Norris Geyser Basin is Yellowstone’s hottest and oldest thermal area. Many geyser aficionados also feel that Norris is the most exciting and unpredictable of the various basins in Yellowstone.

Norris Porcelain Basin

Norris Porcelain Basin

Two very different basins make up Norris Geyser Basin: Porcelain Basin and Back Basin. Back Basin has impressive geysers like Echinus Geyser, while Porcelain Basin is home to many hot springs, vents and pools. Steam vents are often referred to as fumaroles. A fumarole is like a hot spring, but with less water and a lot more heat. They are so hot that what little water there is boils away before reaching the surface. The result is a hissing steam vent, such as Norris’ Black Growler Steam Vent.

The Mud Volcano area, just north of Yellowstone Lake, includes more than a dozen unique geothermal features.

Visitors will no doubt notice a “rotten egg” odor when visiting Mud Volcano. This is the result of microorganisms eating away at sulfur, which creates sulfuric acid. As it evaporates, the acid becomes hydrogen sulfide gas, which gives off the noxious smell.

Dragon’s Mouth Spring is this area’s most popular feature. This is a spring that fills a cave in the side of a hill. The gases that rise to the surface cause the water to splash back and forth against the three cave walls. This splashing of water resembles a tongue lashing out, and gives the spring its name.

Mammoth Hot Springs Minerva Terrace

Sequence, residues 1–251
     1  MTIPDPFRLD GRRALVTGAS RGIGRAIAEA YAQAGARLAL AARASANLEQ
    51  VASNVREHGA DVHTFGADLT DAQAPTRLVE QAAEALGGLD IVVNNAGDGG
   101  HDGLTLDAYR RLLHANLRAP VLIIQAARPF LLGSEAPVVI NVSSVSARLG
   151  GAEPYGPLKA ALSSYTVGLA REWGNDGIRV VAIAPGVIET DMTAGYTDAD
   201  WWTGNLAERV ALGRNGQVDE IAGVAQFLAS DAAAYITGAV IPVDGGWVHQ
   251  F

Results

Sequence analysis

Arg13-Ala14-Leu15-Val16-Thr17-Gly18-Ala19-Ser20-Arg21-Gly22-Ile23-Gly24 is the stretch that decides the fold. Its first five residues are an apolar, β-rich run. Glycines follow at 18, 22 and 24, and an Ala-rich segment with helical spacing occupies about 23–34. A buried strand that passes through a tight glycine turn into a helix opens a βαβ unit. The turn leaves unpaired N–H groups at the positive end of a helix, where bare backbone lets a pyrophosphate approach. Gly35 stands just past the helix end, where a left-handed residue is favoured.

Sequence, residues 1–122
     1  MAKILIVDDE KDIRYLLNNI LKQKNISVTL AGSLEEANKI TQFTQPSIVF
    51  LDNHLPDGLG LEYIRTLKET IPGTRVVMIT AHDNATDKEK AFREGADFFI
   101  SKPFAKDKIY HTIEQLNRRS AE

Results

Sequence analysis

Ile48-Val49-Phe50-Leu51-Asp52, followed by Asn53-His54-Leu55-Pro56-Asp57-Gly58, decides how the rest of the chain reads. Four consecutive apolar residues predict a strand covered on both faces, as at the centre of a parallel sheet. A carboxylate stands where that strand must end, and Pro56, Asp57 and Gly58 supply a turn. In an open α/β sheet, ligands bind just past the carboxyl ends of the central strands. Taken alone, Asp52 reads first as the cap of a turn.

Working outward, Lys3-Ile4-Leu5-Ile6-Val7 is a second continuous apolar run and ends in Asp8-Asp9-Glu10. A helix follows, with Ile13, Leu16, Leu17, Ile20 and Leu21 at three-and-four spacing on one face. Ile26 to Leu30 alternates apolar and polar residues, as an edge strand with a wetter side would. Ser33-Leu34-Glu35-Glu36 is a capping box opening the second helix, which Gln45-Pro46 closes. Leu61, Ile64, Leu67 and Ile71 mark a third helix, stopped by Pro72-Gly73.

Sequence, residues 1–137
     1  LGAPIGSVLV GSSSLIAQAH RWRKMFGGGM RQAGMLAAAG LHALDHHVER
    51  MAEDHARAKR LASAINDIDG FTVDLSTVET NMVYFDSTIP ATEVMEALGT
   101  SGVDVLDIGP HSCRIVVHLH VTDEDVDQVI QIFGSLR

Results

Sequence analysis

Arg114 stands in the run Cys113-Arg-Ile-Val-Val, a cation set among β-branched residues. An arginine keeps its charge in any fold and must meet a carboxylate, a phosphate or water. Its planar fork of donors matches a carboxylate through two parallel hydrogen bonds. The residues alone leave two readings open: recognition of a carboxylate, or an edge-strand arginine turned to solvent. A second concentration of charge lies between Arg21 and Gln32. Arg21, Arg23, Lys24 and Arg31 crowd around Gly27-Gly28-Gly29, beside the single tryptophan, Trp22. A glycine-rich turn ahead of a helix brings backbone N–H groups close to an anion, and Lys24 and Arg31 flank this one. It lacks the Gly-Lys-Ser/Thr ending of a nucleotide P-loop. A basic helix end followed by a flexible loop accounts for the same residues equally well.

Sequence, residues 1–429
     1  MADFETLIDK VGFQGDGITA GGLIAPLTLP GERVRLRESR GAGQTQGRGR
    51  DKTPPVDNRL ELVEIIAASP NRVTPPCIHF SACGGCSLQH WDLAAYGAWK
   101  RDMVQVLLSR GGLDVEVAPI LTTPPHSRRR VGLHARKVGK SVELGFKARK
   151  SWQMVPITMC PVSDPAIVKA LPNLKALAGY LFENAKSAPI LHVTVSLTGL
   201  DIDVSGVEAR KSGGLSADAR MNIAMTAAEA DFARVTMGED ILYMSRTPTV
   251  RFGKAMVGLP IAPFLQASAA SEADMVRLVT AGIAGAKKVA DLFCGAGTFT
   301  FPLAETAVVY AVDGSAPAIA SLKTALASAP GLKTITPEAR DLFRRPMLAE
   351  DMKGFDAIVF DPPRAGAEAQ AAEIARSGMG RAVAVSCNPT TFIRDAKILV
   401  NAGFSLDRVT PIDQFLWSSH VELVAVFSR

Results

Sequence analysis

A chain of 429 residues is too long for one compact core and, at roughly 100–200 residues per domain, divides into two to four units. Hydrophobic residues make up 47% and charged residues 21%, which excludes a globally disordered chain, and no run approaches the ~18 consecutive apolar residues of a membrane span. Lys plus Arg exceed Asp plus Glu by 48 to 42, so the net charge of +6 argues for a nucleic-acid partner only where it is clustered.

Mammoth Hot Springs Minerva Terrace

Mammoth Hot Springs, in the northwest section of the park, features an array of travertine terraces. The terraces are created when hot water and gases ascend through limestone deposits, “sculpting” the rock along the way. Once exposed to the air, some of the carbon dioxide escapes and calcium carbonate from the limestone is deposited as a rock called travertine. Flowing water spills over the colorfully streaked terraces, resulting in gentle cascades.

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26 Responses

  1. I can’t wait until we visit Yellowstone National Park. I’ve wanted to visit the park for years. Hopefully, we can next summer.

    Criss GallowayAugust 15, 2011 @ 6:21 pm
  2. I have always wanted to see Yellowstone Park and my sister from California wants to come here (Boise,Idaho) and make a camping trip (tent), with her daughter and myself for a few days. Do have concers though: (1) She can walk but not very far, so probably would have to rent a wheel chair for her. Some one said you have board walks near the geisers, etc where I could wheel her close to see. Is that so? (2) Where would be the best place to camp for us please? I’m assuming we need to make reservations?(3) My sister wants to come out in October to do this. My neice and I feel that it probably be too cold then. Would September be warm enough at night for tent camping?

    Any suggestions you may have are gladly accepted! Thank you for your assistance!


    Patricia HullAugust 15, 2011 @ 7:22 pm
  3. Honestly I live just south about an hour and this year the whole summer has been quite cold starting early evening and for sure mornings have been 30s and 40s. I would say september dress warm..October it’s usually snowing by mid to end October, I would not be camping into October but just me!

  4. Hellow

    I come from Holland and i will go to Yellowstone on mei in 2012.
    We have friends in Canada and we will drive with a car.
    Have you for me a plan to the park.

    I live in Nederland.
    My adres is M.Smit
    Staverseweg 24
    3245NE Sommelsdijk

    I hope so you will help me!!!!!!!!!

    Thank you

  5. ok! I wiil.

  6. I’ve ordered the trip planner kit twice over the last 2+ months and yet to receive it. We are planning a trip in May 2012 and would like to get as much information as possible.
    15 Fire Azalea Lane